by Eric Sandy
Here’s the immediate plan: By 2017, six massive wind turbines will dot the lakescape about seven miles north of Cleveland. Sounds simple, but this is huge: It would be the first freshwater offshore wind farm in North America. Plus, people are referring to it as Project: Icebreaker, so there’s hope that Jackson will offer up his best James Bond bit during the Big Event. (“Mayoral influence - mistaken, not heard,” we can all imagine him saying.)
With 525 attached jobs and a presumed $80 million in gross regional product, Icebreaker runs a tidy set of numbers alongside its alternative energy promises. Loftier plans have at least in the past called for 1,250 turbines in Lake Erie by 2030.
And that nod to the past is fairly relevant here. Lake Erie Energy Development, a nonprofit economic development corporation cutely colloquialized as LEEDCo, has proposed much of this before. The region has been humoring these conversations for years, which is precisely how Cleveland works best.
In early 2012, LEEDCo put its wind farm plans on hold after Gov. John Kasich waved off any desire to pitch in state funding. Cleveland Public Power was willing to chip in some coin to the tune of 25 percent (and still is), but other investors seemed skittish. This time around, LEEDCo is taking its project to the people.
“We are taking this very market-based approach to making this happen,” Eric Ritter, LEEDCo’s communications and strategy manager, tells Scene. “Public support is absolutely crucial to making sure this first project gets off the ground.” LEEDCo’s grassroots Power Pledge (circulated via canvassers) offers a non-binding agreement for residents: “If wind power is an option, I agree to pay “x” amount more to get in on that action,” to paraphrase. So far, more than 4,500 people in the region have signed on.
A major problem faced by LEEDCo is the same sorta thing that plagues anyone involved in the alt-energy biz: a penchant for preaching to the choir and an at-large audience that’s less than enthralled. Opposition abounds from nearly every corner of the pro-environment and the more ambivalent crowds. Concerns regard bird and bat deaths, migratory patterns, lake aesthetics, freshwater pollutants, etc.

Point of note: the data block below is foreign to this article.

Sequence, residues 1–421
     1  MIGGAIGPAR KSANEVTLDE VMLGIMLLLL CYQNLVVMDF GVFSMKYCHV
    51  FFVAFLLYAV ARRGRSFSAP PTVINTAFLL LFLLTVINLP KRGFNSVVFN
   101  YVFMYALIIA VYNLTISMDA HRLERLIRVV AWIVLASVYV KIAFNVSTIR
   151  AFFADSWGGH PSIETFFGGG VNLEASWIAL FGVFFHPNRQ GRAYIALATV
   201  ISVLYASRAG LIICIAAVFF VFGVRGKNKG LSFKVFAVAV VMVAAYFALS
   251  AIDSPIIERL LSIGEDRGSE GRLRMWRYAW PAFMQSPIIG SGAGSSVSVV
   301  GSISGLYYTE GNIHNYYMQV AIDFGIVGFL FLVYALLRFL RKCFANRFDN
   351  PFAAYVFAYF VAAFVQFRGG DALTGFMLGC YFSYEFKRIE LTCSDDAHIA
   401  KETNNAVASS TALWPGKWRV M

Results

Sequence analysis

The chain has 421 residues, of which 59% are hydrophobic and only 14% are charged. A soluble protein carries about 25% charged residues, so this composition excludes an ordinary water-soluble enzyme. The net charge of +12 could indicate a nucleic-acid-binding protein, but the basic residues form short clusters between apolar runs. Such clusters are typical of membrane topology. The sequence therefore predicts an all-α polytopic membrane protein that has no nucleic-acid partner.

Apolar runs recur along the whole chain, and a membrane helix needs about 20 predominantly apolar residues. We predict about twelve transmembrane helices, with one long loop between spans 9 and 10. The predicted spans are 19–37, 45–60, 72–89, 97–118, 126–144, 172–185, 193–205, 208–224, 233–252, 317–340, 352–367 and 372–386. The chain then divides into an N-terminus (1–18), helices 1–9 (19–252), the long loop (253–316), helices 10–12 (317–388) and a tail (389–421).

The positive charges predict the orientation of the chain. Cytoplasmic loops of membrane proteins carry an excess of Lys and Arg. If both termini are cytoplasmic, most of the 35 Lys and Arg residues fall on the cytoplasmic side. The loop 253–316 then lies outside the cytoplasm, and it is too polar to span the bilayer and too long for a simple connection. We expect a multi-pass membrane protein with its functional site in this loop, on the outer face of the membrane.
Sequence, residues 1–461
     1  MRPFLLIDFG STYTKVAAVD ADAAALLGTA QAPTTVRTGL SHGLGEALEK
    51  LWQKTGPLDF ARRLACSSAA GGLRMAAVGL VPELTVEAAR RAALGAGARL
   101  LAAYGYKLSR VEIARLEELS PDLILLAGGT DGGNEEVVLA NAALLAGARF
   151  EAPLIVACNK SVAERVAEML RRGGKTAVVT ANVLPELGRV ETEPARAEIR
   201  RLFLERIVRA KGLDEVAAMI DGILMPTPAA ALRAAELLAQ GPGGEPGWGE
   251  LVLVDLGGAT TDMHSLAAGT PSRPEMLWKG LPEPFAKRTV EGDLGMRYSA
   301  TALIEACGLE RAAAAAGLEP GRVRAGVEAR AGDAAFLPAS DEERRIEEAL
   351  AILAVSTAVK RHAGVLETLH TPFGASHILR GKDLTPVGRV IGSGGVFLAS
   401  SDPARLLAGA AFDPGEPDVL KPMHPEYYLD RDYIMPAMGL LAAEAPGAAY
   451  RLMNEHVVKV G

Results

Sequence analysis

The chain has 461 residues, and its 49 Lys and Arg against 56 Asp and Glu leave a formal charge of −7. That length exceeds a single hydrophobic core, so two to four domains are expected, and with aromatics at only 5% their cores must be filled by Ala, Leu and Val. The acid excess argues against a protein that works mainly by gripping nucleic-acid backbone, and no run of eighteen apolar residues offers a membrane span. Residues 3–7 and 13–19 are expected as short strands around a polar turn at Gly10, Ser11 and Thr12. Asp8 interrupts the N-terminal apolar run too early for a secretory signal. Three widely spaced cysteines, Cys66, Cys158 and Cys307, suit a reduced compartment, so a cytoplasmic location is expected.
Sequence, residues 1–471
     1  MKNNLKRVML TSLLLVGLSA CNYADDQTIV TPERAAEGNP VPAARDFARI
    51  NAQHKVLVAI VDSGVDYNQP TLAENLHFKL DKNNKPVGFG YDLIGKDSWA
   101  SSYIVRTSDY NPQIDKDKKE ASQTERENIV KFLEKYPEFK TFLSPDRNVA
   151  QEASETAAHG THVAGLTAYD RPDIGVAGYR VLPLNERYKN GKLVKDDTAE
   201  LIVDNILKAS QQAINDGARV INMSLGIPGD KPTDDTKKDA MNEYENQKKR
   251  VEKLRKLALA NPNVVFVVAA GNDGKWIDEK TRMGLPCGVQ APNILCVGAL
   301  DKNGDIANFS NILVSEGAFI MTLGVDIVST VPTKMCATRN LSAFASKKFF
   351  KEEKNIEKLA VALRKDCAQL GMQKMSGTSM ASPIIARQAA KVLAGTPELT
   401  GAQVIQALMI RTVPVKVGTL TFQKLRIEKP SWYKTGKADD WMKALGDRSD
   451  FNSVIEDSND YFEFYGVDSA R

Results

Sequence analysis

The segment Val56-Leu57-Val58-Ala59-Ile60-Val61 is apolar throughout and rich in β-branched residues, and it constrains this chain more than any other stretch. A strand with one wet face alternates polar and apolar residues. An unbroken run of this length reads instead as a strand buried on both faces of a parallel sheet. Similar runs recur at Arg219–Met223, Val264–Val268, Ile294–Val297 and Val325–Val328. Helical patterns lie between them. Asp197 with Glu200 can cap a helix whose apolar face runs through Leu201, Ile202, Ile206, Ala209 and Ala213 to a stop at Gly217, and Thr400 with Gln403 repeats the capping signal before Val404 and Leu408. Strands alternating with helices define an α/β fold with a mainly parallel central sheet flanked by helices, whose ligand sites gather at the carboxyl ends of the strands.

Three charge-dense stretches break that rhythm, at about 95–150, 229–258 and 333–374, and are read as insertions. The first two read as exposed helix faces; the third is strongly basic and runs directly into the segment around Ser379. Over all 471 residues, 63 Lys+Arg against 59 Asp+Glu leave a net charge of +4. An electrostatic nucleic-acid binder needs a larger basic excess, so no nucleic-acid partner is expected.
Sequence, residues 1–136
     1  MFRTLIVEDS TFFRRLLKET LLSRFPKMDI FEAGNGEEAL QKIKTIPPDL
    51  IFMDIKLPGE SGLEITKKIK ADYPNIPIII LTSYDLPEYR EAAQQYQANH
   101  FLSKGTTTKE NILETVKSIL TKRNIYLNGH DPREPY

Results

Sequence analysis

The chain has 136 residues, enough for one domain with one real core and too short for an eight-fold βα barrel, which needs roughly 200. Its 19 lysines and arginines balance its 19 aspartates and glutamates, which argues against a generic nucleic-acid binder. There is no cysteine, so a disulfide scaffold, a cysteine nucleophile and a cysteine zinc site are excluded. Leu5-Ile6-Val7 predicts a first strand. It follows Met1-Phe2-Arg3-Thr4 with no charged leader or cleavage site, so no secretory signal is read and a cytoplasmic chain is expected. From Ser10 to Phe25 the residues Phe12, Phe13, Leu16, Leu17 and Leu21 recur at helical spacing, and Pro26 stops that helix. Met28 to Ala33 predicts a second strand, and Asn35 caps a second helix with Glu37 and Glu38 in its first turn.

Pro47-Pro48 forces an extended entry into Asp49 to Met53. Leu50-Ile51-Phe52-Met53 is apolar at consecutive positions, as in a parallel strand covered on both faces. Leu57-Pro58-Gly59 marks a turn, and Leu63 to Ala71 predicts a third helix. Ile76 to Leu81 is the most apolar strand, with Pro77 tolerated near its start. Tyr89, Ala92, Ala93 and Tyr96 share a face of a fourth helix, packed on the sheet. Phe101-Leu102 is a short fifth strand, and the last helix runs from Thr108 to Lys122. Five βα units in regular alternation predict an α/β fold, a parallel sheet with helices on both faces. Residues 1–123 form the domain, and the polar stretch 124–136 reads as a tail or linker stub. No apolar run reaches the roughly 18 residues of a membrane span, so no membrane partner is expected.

“We’re very concerned about freshwater contamination,” Ritter says, pointing to Ohio’s 80-percent coal-backed electricity grid, which pumps Lake Erie full of mercury emissions. And surveys from independent groups maintain that the impact on birds and bats over the lake will be “very minimal.”
“That’s also part of the reason why you do a small-scale pilot project,” Ritter adds.
The other main difference between this project’s current iteration and past promises is that the Department of Energy is lending funds. LEEDCo has earned $4 million up front (one of seven projects nationwide), and the group will jockey for $46.7 million next year. The Icebreaker permits must be in place by February 2014 to compete for such grant money. That, and the power of the people, of course, lends an air of urgency to Thursday’s announcement.
Here’s the pro-con dichotomy at work: A 2010 report from the National Renewable Energy Laboratory says that Lake Erie could accommodate enough turbines to power about one-third of Ohio's more than 5 million homes. To get there, however, the lake would be pockmarked with more than 11,000 of the biggest wind turbines ever made (each of which ascending to nearly the height of the Huntington Bank Building downtown). Given rotorspan and overall height, that would take up about half of the lake’s entire area.
Now, that’s a broad look at the wind farm issue in Lake Erie, but it’s indicative of the dynamics at play. The problem becomes less of an attempt to convince investors and more of an issue of growing the project out of “guinea pig” status.